Niagara Gazette — Winter’s first major snowfall was expected to taper off into flurries this morning, but not until after drivers throughout Niagara County had a tricky morning commute.
Forecasters at the National Weather Service expected the storm to blanket the county with a dumping of between 6-10 inches of the white stuff, with most of the accumulation expected to have taken place overnight.
“The worst is going to be overnight,” Jon Hitchcock, a meteorologist with the Buffalo office of the weather service, said Wednesday afternoon. “The bulk will fall between about 7 p.m. and 4 a.m. By daybreak, the worst will be over.”
A winter storm warning was expected to remain in effect until 1 p.m. today.
Local highway crews were ready for the first big snow in more than a year.
Dave Kinney, the director of the department of public works, said that his crew had 17 plows, seven salters, 7 pick-up trucks with plows and three pay loaders with plows at the ready for the incoming storm.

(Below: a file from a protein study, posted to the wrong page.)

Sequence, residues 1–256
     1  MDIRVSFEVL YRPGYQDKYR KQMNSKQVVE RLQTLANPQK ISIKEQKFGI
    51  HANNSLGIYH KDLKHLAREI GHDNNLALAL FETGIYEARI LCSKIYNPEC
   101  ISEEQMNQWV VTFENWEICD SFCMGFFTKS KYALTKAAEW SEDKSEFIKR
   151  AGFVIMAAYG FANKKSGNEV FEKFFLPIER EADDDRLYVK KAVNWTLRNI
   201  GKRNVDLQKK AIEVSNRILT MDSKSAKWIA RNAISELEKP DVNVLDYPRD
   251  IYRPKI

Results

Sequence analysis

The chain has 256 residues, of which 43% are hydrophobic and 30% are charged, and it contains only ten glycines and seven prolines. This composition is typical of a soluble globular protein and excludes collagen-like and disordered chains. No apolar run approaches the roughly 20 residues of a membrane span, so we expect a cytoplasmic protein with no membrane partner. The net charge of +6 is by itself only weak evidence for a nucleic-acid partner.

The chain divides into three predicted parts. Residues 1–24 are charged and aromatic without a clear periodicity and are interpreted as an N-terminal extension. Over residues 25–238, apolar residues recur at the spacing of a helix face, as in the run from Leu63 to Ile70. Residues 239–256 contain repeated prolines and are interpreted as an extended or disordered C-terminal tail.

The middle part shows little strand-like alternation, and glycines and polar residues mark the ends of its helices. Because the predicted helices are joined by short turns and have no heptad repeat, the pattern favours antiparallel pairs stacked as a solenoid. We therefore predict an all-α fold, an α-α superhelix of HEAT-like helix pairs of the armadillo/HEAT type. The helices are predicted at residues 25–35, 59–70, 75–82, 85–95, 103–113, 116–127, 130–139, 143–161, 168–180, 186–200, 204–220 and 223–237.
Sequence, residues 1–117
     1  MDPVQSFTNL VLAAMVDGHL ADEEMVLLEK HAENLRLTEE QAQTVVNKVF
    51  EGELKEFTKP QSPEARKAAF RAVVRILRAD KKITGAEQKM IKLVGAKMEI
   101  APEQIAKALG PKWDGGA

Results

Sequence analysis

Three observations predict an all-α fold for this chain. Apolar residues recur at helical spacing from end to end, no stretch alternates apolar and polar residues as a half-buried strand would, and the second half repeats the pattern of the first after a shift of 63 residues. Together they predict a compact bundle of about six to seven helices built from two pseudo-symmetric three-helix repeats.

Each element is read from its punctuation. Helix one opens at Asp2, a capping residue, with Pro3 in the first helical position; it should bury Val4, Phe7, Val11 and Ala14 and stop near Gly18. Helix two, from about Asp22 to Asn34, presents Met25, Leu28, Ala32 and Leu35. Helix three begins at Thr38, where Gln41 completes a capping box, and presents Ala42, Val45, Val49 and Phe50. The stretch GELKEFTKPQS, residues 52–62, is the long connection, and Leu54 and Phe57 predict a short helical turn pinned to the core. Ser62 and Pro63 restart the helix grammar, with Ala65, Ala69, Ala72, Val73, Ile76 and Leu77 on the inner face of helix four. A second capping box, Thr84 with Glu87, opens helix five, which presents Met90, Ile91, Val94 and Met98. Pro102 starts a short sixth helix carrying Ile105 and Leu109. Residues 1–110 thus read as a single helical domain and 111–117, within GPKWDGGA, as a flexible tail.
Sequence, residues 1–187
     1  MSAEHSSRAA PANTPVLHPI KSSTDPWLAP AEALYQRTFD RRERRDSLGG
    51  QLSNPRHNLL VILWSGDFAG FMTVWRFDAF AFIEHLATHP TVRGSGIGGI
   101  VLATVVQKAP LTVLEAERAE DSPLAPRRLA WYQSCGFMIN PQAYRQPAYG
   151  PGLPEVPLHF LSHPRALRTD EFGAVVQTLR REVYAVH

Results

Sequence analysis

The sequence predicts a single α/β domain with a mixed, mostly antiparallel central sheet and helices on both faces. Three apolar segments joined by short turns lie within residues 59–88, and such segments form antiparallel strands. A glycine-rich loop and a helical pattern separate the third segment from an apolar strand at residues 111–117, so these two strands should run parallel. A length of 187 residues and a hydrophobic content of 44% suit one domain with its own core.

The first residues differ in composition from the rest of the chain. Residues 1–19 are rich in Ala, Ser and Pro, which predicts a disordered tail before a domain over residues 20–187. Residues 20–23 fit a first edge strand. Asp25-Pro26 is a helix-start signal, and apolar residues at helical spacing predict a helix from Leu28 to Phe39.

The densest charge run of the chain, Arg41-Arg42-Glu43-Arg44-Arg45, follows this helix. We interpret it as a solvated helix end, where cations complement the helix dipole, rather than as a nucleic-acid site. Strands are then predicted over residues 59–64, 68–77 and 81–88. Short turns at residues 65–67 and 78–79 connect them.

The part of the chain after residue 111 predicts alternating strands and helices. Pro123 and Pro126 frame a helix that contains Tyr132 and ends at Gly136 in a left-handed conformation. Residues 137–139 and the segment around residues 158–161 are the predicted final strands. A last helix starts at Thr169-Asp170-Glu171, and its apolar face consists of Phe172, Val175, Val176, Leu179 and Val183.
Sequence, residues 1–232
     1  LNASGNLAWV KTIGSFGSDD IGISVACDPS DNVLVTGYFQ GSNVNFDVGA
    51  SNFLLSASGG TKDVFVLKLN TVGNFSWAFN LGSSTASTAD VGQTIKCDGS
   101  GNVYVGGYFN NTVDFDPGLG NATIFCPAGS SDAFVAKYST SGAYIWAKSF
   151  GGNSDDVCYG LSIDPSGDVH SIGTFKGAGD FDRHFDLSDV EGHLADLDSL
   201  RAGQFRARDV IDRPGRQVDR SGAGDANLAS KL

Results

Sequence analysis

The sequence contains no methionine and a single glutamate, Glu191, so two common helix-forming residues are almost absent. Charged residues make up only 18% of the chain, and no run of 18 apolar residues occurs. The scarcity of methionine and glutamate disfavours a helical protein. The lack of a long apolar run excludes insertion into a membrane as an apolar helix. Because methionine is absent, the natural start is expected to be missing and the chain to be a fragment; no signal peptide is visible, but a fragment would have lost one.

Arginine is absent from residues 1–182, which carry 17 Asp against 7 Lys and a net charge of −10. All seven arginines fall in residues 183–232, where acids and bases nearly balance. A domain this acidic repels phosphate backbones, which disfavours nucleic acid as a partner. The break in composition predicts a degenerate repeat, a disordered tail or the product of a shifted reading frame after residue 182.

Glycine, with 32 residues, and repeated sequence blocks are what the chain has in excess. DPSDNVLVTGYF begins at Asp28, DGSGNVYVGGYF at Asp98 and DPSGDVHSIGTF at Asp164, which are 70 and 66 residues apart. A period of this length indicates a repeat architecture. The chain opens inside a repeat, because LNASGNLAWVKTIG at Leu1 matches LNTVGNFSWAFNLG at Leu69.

"All my guys are on alert," he said.
Unlike lake effect storms that typically target areas south of Buffalo, this storm is part of a general weather system and was expected to affect all of Western New York.
According to the weather service, heavy snow was expected to spread northward with snowfall increasing rapidly from south to north, with snowfall rates exceeding one inch per hour.
Increasing winds of 15-25 miles per hour with gusts up to 35 mph were expected along the Lake Ontario and Lake Erie shorelines. The combination of heavy snow and strong winds were expected to create very low visibilities overnight.
Residents throughout the region were advised not to travel unless it was absolutely necessary.
The storm was also expected to drop on the region the largest snowfall total in more than a year. The last time the Buffalo office recorded more than half a foot of snow in one day was in March 2011, and there hasn’t been a double-digit snowfall since December 2008.